Epistemic Contests and the Legitimacy of the World Trade Organization: The Brazil–USA Cotton Dispute and the Incremental Balancing of Interests
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CitationDaemmrich, Arthur A. "Epistemic Contests and the Legitimacy of the World Trade Organization: The Brazil–USA Cotton Dispute and the Incremental Balancing of Interests." Trade, Law and Development 4 (Summer 2012): 200–240.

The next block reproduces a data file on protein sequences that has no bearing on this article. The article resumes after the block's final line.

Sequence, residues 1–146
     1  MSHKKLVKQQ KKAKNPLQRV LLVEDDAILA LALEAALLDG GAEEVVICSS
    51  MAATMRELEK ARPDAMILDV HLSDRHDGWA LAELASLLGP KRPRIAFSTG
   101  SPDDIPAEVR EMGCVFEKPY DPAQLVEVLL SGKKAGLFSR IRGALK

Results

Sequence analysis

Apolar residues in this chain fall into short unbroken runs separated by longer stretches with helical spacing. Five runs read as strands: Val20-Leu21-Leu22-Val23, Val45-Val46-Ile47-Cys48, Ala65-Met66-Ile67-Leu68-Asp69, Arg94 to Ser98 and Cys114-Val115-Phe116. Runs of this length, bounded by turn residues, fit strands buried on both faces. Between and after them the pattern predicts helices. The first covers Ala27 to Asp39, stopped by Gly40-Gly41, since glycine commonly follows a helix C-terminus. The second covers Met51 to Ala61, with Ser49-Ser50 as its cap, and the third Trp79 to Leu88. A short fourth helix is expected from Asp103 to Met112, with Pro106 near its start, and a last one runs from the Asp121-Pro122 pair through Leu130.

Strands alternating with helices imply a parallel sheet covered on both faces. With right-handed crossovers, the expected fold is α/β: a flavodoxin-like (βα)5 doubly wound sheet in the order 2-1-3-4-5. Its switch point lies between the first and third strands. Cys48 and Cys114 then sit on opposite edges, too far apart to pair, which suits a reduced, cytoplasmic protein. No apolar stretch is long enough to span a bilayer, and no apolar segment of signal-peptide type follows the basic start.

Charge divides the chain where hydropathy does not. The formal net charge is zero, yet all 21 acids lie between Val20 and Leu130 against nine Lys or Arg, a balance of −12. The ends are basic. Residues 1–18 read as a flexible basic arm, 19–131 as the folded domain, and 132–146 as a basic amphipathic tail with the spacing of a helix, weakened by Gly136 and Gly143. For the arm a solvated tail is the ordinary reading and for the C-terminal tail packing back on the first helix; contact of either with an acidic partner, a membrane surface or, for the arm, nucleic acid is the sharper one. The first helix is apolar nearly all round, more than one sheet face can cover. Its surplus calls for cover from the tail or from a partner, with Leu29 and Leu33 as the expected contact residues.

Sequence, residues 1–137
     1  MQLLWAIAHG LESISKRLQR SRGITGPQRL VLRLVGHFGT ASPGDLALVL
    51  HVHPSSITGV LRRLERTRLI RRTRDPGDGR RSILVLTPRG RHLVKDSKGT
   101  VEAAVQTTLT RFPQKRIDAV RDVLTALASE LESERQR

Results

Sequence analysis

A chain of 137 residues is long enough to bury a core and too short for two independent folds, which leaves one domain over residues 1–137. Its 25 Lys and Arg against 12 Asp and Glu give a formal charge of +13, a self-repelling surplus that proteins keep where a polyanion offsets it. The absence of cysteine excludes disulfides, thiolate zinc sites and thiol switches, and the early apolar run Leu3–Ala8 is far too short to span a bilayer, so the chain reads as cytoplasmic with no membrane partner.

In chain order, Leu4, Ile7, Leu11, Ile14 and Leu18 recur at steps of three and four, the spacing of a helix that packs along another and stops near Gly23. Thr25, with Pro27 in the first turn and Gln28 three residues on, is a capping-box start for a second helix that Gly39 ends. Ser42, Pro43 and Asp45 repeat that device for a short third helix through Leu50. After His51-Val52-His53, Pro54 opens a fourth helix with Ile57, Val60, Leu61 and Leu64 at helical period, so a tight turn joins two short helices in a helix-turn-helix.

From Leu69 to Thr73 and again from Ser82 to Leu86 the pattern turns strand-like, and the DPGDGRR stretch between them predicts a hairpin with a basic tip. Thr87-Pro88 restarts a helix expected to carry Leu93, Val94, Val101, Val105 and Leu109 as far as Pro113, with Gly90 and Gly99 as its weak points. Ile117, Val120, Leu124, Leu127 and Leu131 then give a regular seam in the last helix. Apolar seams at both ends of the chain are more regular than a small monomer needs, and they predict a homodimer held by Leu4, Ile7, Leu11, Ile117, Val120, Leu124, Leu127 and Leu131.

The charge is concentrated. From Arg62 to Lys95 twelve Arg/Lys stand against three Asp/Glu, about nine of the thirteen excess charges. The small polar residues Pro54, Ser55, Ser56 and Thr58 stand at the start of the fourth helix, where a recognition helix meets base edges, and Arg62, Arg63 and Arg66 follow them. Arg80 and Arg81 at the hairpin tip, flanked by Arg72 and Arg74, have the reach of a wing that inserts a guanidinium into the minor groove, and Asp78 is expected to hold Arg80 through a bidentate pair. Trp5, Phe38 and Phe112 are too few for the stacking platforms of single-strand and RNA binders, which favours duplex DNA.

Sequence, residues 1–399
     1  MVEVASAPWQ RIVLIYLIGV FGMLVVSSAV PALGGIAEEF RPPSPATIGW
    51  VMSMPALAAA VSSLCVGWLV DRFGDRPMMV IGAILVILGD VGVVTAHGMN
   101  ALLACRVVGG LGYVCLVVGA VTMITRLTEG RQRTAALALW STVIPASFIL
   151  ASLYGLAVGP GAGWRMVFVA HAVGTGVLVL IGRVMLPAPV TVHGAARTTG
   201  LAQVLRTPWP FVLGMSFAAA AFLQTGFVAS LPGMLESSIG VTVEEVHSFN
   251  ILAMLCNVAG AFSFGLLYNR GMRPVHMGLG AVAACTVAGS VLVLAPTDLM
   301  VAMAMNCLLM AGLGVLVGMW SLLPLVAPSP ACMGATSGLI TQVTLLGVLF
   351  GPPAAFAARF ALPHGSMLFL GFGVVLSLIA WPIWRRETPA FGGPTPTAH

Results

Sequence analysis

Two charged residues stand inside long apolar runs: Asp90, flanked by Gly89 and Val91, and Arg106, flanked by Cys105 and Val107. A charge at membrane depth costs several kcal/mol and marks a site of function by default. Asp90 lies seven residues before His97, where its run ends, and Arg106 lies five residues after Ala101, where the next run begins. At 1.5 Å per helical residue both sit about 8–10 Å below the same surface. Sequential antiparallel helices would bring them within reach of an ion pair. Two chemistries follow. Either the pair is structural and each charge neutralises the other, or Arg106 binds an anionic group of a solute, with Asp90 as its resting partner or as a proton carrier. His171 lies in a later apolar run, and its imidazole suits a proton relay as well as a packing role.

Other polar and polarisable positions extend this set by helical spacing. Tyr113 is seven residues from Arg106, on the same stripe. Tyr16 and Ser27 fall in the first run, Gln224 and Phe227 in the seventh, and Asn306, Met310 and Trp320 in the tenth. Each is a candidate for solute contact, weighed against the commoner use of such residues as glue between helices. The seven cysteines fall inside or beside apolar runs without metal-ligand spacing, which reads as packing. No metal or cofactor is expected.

AbstractThe World Trade Organization (WTO) features prominently in studies of international institutions, often cast either as a tool of rich-world domination over the poorer South or as a neutral mediator facilitating a tariff-free world of economic prosperity. This article instead analyses how the WTO has sought legitimacy for itself and for the underlying institution of free trade in the midst of questions regarding its organizational mandate and management of international trade negotiations. Historically, legitimacy for GATT and later the WTO was understood to derive from expanding membership and success at major trade round negotiations. In the past decade, and despite a lack of progress in the Doha Round, legitimacy has been built through institutional deepening by means of dispute resolution processes. This shift, I argue, raises epistemic questions of expertise, the relationship of models to real-world outcomes, and methods for bounding disputes over scientific facts. Based on a case study of the Brazil-Upland Cotton dispute and a trend analysis of over 400 total WTO disputes, I find that the WTO dispute settlement process is helping to legitimize the institution of free trade through its public display of rational authority and neutral expertise. At the same time, dispute panels have begun to pass judgment on issues of econometric and scientific uncertainty. As a result, the basis for the broader legitimacy of the WTO is shifting from questions of representation that have long drawn attention to epistemic issues, especially concerning the design of international trade models. The article thus provides insights on the resolution of disputes in global trade while contributing to our understanding of the evolving role of modeling at international organizations.
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